Ethiopia, Kenya, Tanzania and Uganda Use Science and Technology to Boost Agricultural Productivity
July 10, 2014
- Across Sub-Saharan Africa, the agriculture sector is under-performing
- Four east African countries – Ethiopia, Kenya, Tanzania and Uganda – are collaborating to marshal the power of science and tackle common problems facing farmers
- A new video documents the East Africa Agricultural Productivity Program and its sub-regional approach to boosting the quantity and quality of food produced by farmers
WASHINGTON, July 10, 2014–Most experts agree that priming Sub-Saharan Africa’s farm economy – which typically accounts for between 30 to 40% of gross domestic product and 65 to 70% of the labor force – is vital for ending poverty and boosting shared prosperity on the continent.
Now, in a new and concerted push, four countries in eastern Africa – Ethiopia, Kenya, Tanzania and Uganda – are together taking steps to marshal the power of science, boost food and dairy production, put more money into farmers’ pockets, help send and keep children in school, allow them to eat more nutritious meals, and reduce agriculture’s environmental footprint.
The following success stories are drawn from work done under the aegis of the East African Agricultural Productivity Program (EAAPP) financed by the World Bank and partners. The overarching goal of the EAAPP is to increase agricultural productivity and growth in eastern Africa, focusing on priority commodities such as cassava, rice, wheat and smallholder dairy production. The project is implemented by ASARECA, the Association for Strengthening Agricultural Research in Eastern and Central Africa and supports the objectives set by African countries through the Comprehensive Africa Agriculture Development Programme (CAADP).
“I am pleased that this program is well-aligned with the objectives of CAADP to increase agricultural productivity and improve nutrition, both of which are key to building Africa’s human capital,” said Makhtar Diop, World Bank Vice President for the Africa Region. “These success stories show how science and technology is enabling African farmers to grow more nutritious food and boost inclusive growth.”
Agriculture is a proven driver of transformational change.
- Tanzania, Nyatwali Irrigation Scheme: Thanks to the refurbishment and revival of a 520-acre irrigation scheme, year-round cultivation of rice is now possible in Nyatwali village. Maria Nengwe, a rice farmer provides proof that thanks to support from the Government of Tanzania in the form of extension advice, new seeds and improved planting techniques, she and fellow farmers have been able to double, and in some cases, triple rice yields. Recognizing the power of collective action, farmers have formed cooperatives and many fishing families have become rice farmers.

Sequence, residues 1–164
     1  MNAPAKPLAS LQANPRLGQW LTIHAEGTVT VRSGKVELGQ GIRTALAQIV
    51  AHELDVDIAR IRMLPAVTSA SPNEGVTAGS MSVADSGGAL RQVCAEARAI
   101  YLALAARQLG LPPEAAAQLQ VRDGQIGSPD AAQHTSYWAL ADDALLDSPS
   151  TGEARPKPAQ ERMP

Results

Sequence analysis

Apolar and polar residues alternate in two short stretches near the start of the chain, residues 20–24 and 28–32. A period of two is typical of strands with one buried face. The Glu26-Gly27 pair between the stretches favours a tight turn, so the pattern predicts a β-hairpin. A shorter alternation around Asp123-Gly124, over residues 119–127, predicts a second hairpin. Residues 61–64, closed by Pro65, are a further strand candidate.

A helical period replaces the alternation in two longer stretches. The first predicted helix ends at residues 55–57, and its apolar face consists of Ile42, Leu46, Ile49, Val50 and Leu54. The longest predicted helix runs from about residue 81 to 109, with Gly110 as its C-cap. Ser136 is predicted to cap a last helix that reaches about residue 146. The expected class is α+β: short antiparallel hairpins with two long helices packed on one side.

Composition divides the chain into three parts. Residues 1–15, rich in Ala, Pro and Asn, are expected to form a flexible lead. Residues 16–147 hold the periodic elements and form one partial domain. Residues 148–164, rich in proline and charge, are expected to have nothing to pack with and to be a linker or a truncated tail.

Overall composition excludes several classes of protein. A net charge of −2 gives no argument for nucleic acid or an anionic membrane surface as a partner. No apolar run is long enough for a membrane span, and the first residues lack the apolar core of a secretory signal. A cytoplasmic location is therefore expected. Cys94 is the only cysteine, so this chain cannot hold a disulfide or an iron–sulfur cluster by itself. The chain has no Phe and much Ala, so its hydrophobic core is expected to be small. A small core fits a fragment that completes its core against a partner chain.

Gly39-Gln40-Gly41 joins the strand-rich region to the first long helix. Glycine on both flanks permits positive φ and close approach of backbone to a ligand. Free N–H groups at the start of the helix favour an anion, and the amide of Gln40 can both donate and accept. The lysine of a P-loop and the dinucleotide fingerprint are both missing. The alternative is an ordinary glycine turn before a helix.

- Uganda, Winning the Battle against Brown Streak Disease: Cassava is a mainstay of diets in eastern Africa for rich and poor, young and old alike. When this essential tuber crop was being struck by brown streak disease, advanced detection techniques developed at the National Crops Resources Research Institute ensured bountiful harvests that helped to stave off disaster and prevented farmers from being pushed deeper into poverty. Testimony from Charles Kirya, a cassava grower in Uganda vividly describes the importance and impact of this work.
- Ethiopia, Tackling the Scourge of Yellow Rust: In 2010, wheat farmers faced a crisis because of widespread incidence of yellow rust disease. Today, Amarech Abera, a wheat farmer in Ethiopia says thanks to problem-centered research and a drive to develop solutions, scientists and wheat breeders at the Ethiopian Institute of Agricultural Research developed new wheat varieties that are resistant to the disease. Yields have increased, farmers are able to sell surplus wheat, and a mill has opened to meet the growing demand for high-quality flour.
- Kenya, Meeting Surging Demand for Milk: Low milk production, disease and poor quality fodder are holding back thousands of dairy farmers from lucrative market opportunities, including Nicholas Mbijiwe, a dairy farmer in Kenya. New, healthy breeds, advanced insemination techniques and improved fodder quality that combines protein-rich crop residues are all helping to raise the quality and productivity of livestock, thanks to targeted support provided by Kenya’s Ministry of Agriculture, Livestock and Fisheries.
“Agriculture is a proven driver of transformational change,” said Juergen Voegele, Senior Director of the World Bank’s new Agriculture Global Practice. “These success stories show the power and benefits of scientific collaboration among neighboring countries and demonstrate that east Africa is ready for next steps to ensure food security for people in the sub-region.”
Signaling the importance of agriculture, the African Union Commission has designated 2014 as the “Year of Agriculture and Food Security.” This was the theme of the recent AUC Summit held in Malabo, Equatorial Guinea.
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